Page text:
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TUCoPS :: Unix :: General :: 9205.txt

Internet Intruder Activity





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Security Bulletin 9205                  DISA Defense Communications System
February 18, 1992           Published by: DDN Security Coordination Center
                                      (SCC@NIC.DDN.MIL)   1-(800) 365-3642

                        DEFENSE  DATA  NETWORK
                          SECURITY  BULLETIN

The DDN SECURITY BULLETIN is distributed by the DDN SCC (Security
Coordination Center) under DISA contract as a means of communicating
information on network and host security exposures, fixes, and concerns
to security and management personnel at DDN facilities.  Back issues may
be obtained via FTP (or Kermit) from NIC.DDN.MIL [192.112.36.5]
using login="anonymous" and password="guest".  The bulletin pathname is
scc/ddn-security-yynn (where "yy" is the year the bulletin is issued
and "nn" is a bulletin number, e.g., scc/ddn-security-9205).
**************************************************************************

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!                                                                       !
!     The following important  advisory was  issued by the Computer     !
!     Emergency Response Team (CERT)  and is being relayed unedited     !
!     via the Defense Information Systems Agency's Security             !
!     Coordination Center  distribution  system  as a  means  of        !
!     providing  DDN subscribers with useful security information.      !
!                                                                       !
+ - - - - - - - - - - - - - - - - - - - - - - - - - - - - - - - - - - - +

===========================================================================
CA-92:03                        CERT Advisory
                              February 17, 1992
                          Internet Intruder Activity

---------------------------------------------------------------------------
   
   The Computer Emergency Response Team/Coordination Center (CERT/CC) has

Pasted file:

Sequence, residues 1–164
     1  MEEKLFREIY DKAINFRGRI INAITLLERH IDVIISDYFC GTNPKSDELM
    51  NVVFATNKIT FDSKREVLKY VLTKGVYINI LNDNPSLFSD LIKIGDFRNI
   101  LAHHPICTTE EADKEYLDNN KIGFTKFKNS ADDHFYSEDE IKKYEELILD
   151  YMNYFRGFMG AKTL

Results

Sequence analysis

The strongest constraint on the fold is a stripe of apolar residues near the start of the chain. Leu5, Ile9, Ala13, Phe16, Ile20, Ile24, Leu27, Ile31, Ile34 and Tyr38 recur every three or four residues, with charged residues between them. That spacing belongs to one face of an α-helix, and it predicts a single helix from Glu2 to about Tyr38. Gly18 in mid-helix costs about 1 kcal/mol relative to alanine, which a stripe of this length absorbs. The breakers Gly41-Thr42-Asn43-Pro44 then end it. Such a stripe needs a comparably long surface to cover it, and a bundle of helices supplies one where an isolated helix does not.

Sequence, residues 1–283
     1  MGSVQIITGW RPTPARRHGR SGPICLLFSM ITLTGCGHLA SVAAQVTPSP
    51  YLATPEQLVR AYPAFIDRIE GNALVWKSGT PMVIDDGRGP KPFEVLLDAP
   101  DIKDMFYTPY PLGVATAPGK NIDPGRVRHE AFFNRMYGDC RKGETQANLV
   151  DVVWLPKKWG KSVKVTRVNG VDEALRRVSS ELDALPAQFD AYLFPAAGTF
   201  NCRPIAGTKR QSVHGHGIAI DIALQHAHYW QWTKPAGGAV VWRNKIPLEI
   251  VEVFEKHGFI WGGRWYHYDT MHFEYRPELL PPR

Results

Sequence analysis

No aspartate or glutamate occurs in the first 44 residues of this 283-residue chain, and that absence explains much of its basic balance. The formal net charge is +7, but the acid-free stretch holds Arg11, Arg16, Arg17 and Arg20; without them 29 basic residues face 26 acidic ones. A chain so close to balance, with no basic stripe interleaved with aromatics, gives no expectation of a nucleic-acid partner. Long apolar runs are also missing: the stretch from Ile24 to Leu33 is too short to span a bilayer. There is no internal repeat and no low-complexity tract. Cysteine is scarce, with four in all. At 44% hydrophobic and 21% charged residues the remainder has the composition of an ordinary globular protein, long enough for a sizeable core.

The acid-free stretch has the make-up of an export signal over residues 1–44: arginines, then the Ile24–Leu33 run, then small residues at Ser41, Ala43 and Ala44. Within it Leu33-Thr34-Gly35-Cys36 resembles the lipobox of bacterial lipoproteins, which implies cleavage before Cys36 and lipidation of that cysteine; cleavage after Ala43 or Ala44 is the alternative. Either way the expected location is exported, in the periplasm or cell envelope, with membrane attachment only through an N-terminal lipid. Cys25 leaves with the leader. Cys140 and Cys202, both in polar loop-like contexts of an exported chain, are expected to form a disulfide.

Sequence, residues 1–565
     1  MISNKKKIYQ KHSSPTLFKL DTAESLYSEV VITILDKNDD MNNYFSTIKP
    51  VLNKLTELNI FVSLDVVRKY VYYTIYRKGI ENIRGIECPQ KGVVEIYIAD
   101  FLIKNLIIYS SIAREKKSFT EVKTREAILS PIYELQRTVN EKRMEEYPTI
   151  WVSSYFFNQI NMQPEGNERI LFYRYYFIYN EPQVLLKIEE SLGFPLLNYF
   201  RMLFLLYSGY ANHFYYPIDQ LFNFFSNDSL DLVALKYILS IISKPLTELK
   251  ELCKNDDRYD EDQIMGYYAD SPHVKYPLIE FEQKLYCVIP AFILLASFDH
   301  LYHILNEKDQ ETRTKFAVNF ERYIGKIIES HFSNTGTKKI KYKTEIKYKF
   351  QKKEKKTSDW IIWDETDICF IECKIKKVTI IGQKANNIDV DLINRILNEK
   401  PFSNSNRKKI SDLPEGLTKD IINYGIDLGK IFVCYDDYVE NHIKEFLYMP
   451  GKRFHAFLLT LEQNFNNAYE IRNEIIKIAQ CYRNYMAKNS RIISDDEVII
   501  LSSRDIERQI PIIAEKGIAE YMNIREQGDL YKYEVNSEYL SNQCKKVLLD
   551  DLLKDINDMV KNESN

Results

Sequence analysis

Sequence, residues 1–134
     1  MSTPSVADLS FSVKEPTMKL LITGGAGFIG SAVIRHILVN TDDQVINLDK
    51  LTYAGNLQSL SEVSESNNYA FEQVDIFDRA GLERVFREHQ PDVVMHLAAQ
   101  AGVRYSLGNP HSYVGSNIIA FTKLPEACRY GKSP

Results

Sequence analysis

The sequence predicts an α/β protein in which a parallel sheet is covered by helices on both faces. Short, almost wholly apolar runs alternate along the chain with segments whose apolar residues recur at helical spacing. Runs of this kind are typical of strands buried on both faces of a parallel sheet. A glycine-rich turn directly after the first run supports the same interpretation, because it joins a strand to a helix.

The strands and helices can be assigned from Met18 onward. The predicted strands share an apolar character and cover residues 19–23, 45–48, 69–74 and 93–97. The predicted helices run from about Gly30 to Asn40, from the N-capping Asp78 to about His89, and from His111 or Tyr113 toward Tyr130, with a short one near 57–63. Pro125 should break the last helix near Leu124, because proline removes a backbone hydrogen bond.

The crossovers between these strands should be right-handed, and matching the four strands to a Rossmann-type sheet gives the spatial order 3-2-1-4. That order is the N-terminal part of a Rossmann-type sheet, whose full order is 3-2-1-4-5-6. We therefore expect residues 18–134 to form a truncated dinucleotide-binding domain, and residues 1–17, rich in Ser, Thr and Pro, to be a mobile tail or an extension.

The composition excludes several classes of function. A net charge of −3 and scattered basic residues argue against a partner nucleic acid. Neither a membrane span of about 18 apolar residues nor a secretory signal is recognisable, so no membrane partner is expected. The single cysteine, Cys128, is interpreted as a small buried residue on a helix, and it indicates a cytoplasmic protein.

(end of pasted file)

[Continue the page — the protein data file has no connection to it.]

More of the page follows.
received information regarding a significant intrusion incident on the
   Internet.  Systems administrators should be aware that many systems on
   the Internet have been compromised due to this activity.  To identify
   whether your systems have been affected by the activity, we recommend
   that all system administrators check for the signs of intrusion
   detailed in this advisory.
   
   This advisory describes the activities that have been identified as
   part of this particular incident.  This does not address the
   possibility that systems may have been compromised due to other,
   unrelated intrusion activity.

---------------------------------------------------------------------------

I.   Description

     The intruders gained initial access to a host by discovering a
     password for a user account on the system.  They then attempted
     to become root on the compromised system.

II.  Impact

     Having gained root access on a system, the intruders installed
     trojan binaries that captured account information for both
     local and remote systems.  They also installed set-uid root
     shells to be used for easy root access.

III. Solution 

     A. Check your systems for signs of intrusion due to this incident.

        1. Check the su, ftpd, and ftp binaries (for example, "/bin/su",
           "/usr/ucb/ftp" and "/usr/etc/in.ftpd" on Sun systems)
           against copies from distribution media.

        2. Check for the presence of any of the following files:
           "/usr/etc/..." (dot dot dot), "/var/crash/..." (dot dot dot), 
           "/usr/etc/.getwd", "/var/crash/.getwd", or 
           "/usr/kvw/..." (dot dot dot).

        3. Check for the presence of "+" in the "/etc/hosts.equiv" file.

        4. Check the home directory for each entry in the "/etc/passwd"
           file for the presence of a ".rhosts" file containing
           "+ +" (plus space plus).

        5. Search the system for the presence of the following set-uid
           root files: "wtrunc" and ".a".

        6. Check for the presence of the set-uid root file "/usr/lib/lpx".


     B. Take the following steps to secure your systems.

        1. Save copies of the identified files to removable media.

        2. Replace any modified binaries with copies from
           distribution media.

        3. Remove the "+" entry from the "/etc/hosts.equiv" file and 
           the "+ +" (plus space plus) entry from any ".rhosts" files.

        4. Remove any of the set-uid root files that you find, which are
           mentioned in A5 or A6 above.

        5. Change every password on the system.

        6. Inspect the files mentioned in A2 above for references
           to other hosts.

---------------------------------------------------------------------------

If you believe that your system has been compromised, contact CERT/CC or
your representative in FIRST (Forum of Incident Response and Security Teams).

Internet E-mail: cert@cert.sei.cmu.edu
Telephone: 412-268-7090 (24-hour hotline)
           CERT/CC personnel answer 7:30 a.m.-6:00 p.m. EST(GMT-5)/EDT(GMT-4),
           on call for emergencies during other hours.

   Computer Emergency Response Team/Coordination Center (CERT/CC)
   Software Engineering Institute
   Carnegie Mellon University
   Pittsburgh, PA 15213-3890

Past advisories, information about FIRST representatives, and other
information related to computer security are available for anonymous ftp
from cert.sei.cmu.edu (192.88.209.5).





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